Life-Study of 1 & 2 Samuel, by Witness Lee

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When someone attains a high position, there is always a question as to whether he will allow someone else to come in to match him or to be above him. If you had been Samuel, would you have given any ground for someone to match you or be above you? Samuel was pure and single. He was a Nazarite according to his mother’s vow and was altogether not self-seeking. He never sought to gain anything for himself. He had no heart for anything besides God and God’s elect. God loved Israel, and His heart was duplicated in Samuel.

Because God’s heart was duplicated in Samuel, Samuel did not care for his own interest or gain. At the end, Samuel gained nothing but a tomb to be buried in. Due to the situation at the time, Samuel appointed his sons to be judges, but, contrary to Saul, he had no intention to build up a kingdom for them. His sons did not follow in his ways but went after unjust gain, took bribes, and perverted justice (1 Sam. 8:1-3). When the people asked Samuel to appoint a king, he was not offended by anything related to his sons; on the contrary, he was offended by their desire to replace God (vv. 4-7). Because he had no intention to build up a kingdom for his descendants, Samuel’s concern was not for his children but for God’s people. In such a situation it was easy for God to bring in the kingdom.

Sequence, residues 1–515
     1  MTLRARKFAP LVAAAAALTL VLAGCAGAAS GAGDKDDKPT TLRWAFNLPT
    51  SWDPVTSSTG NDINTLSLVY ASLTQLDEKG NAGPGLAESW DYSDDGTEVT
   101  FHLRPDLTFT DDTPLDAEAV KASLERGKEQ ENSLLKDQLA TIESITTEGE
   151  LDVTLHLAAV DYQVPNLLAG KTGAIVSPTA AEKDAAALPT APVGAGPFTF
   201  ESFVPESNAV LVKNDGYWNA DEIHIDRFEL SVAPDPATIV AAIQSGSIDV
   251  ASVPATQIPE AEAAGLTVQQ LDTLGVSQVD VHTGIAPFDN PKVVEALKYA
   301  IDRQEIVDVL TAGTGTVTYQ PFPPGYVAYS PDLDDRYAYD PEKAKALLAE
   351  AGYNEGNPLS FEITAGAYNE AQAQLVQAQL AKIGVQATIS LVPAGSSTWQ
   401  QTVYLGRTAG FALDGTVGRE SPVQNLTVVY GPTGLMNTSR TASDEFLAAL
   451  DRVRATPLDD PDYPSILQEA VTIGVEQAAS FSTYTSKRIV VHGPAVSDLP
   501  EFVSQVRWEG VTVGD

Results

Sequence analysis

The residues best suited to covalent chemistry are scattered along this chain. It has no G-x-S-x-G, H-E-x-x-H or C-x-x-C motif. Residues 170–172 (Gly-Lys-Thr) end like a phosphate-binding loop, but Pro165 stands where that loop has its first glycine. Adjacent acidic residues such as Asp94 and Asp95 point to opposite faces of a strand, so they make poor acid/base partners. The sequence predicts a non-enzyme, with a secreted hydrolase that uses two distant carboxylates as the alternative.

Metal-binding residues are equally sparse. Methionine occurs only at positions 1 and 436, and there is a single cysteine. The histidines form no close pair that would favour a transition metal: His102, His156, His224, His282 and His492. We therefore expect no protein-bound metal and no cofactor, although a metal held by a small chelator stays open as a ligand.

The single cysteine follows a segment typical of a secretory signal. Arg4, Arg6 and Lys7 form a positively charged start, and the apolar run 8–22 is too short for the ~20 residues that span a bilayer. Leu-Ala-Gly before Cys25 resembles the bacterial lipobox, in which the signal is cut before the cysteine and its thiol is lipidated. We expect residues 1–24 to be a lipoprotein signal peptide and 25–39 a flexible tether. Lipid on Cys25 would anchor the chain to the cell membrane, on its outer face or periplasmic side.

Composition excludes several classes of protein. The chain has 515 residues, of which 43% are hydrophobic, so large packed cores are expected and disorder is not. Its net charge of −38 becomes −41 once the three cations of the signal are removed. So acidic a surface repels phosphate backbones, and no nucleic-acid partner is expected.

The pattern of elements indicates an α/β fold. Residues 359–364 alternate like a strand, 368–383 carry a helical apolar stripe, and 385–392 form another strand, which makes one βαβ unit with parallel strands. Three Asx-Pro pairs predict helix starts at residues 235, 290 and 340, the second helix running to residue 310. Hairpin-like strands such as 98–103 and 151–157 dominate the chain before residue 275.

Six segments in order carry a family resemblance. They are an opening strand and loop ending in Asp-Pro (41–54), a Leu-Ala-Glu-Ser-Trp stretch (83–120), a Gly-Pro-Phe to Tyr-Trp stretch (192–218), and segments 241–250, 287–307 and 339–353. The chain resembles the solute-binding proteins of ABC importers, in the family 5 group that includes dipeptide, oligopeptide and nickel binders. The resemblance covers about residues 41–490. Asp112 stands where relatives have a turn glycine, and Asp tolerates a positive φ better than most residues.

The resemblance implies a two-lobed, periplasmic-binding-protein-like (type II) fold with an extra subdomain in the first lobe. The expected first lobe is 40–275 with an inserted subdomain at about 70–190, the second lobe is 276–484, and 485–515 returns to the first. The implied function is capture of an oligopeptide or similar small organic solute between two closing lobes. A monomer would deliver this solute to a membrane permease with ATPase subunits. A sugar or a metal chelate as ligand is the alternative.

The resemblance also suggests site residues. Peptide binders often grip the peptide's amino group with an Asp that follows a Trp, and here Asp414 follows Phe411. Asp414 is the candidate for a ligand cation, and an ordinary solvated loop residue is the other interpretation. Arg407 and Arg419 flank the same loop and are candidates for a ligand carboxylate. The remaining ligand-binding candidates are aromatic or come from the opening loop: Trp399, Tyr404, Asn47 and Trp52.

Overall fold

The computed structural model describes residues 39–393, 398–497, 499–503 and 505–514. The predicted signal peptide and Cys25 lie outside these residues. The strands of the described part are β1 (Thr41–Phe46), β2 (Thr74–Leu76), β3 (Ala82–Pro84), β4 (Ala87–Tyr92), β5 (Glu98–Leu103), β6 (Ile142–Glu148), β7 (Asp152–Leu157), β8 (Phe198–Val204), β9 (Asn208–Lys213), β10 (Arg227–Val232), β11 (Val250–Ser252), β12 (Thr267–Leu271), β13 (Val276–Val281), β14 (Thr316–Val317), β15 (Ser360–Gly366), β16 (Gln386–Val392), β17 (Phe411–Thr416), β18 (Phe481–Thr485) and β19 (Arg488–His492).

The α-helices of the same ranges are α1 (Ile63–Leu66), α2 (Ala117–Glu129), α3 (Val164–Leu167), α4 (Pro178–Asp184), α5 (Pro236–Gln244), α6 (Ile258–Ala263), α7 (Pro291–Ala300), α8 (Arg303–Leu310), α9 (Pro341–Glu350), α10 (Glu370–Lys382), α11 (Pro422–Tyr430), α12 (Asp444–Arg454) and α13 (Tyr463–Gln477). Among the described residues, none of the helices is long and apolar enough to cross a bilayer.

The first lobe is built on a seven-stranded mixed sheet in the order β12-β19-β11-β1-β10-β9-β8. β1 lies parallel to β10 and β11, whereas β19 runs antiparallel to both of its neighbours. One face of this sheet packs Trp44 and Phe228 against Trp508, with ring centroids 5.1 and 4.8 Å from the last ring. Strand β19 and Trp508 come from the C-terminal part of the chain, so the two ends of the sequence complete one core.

Samuel would never have cooperated with God if he had been a self-seeking person. As we will see in the next message, the day before Saul came to Samuel, God revealed to Samuel what He wanted him to do. God said to him, "At about this time tomorrow I will send to you a man from the land of Benjamin, and you shall anoint him as the leader over My people Israel" (9:16). When Saul and his servant came to Samuel, Samuel did exactly as God had instructed. He did not care to gain anything for himself or for his children.

Now we can see why Samuel was so useful in the hand of God. He had no self-seeking nor any thought of self-gain. Instead, as a Nazarite, who allowed no razor to come upon his head and who did not drink any wine, he was absolutely for God. He was happy to go wherever God wanted him to go and to do whatever God wanted him to do. He was a man according to God, a man according to God’s heart. Therefore, he was a man whom God could use to carry out His economy.

We should not think that Samuel did not have any kind of human concept. One day Jehovah said to him, "Fill your horn with oil, and go; I will send you to Jesse the Bethlehemite; for I have selected for Myself a king among his sons" (16:1b). When Samuel heard this, he said, "How can I go? If Saul hears of it, he will kill me" (v. 2a). This indicates that Samuel was very human and had human concepts. Nevertheless, he was not a self-seeking person. All of his seeking was for God and for God’s elect. He cared for God and for His interest and profit, and He prayed for God’s people.

(Life-Study of 1 & 2 Samuel, Chapter 7, by Witness Lee)